We’ve heard the refrain over and over: College routines can be too cookie-cutter. We see so many Yurchenko fulls and back handspring layouts that it’s always a thrill to watch gymnasts throw unique skills. Well, fear not gym fans! The classes of 2024 and 2025 are packed with less common skills and daring combinations. We rounded up recruits with skills that excited us from both classes. Prepare to add some names to your gymnasts-to-watch list.
Mya Gordon (Let It Shine), 2024
Perfecting the landing on her explosive front pike half helped Gordon earn a 10.000 on vault at her level 10 state meet. Illinois, which has sometimes struggled with difficulty on vault, will love to have this vault in its lineup come 2025.
Haylee Hardin (Texas Dreams), 2024
Hardin is set to be a stellar two-event specialist in the NCAA with college-ready vault and floor routines that would be welcome on almost any team today. Her Omelianchik should anchor the Iowa State vault lineup starting the moment she steps on campus.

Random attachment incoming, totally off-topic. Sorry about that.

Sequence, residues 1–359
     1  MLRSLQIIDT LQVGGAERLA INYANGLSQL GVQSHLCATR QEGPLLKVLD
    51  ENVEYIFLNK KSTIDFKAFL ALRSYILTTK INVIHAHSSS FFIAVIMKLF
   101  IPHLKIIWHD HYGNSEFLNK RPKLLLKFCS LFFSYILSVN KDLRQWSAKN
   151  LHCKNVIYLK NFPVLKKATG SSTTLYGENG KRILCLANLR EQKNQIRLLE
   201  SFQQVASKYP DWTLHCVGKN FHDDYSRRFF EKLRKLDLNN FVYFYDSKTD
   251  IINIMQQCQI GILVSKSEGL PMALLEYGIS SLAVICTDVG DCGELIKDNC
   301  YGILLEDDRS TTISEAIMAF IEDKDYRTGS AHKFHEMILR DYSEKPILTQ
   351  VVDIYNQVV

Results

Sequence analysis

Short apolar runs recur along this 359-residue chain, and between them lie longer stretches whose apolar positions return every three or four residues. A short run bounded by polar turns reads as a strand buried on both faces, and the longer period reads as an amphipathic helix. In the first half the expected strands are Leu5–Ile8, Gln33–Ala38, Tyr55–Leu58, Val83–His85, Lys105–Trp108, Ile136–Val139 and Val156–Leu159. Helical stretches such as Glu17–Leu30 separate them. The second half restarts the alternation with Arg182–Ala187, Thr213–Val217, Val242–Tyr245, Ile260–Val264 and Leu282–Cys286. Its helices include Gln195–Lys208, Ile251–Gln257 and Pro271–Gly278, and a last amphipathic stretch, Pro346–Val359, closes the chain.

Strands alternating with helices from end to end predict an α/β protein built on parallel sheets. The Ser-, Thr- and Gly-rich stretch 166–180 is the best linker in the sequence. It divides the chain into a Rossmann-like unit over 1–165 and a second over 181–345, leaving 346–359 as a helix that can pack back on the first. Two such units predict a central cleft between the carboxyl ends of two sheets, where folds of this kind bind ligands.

Nyla Aquino (Broderick), 2024
First-year level 10 Aquino boasts a big, clean Tsuk full. She’s committed to Temple, where her particularly strong vault and floor work will shine.
Paityn Walker (Head Over Heels), 2024
A Podkopayeva! In level 10! Alabama commit Walker could bring the vault to the Crimson Tide. The recruit is best known for her bar work, but we can’t help but highlight such a unique vault.
Charlotte Booth (Brandy Johnson’s), 2025
Longtime fan-favorite elite Booth continues to impress with her clean form and unique skills. The gymnast competes a Derwael-Fenton to Ezhova combination in her elite bars set. We’d be remiss not to mention Norah Christian (Cascade Elite West, 2025) who also attempted a Derwael-Fenton at Winter Cup this year.
Nola Matthews (Airborne), 2025 and Alana Walker (North Stars), 2024
Elite Matthews, who recently earned a spot on the Pan Ams team, has a packed bar routine that includes a solid Downie. Minnesota commit Alana Walker has also competed a Downie in her packed level 10 set.
Ryan Fuller (Head Over Heels), 2024
Alabama commit Fuller competes a clean and difficult bar set, featuring a big Ricna. The five-star recruit is sure to feature in the Crimson Tide’s lineup when she joins the team in 2024.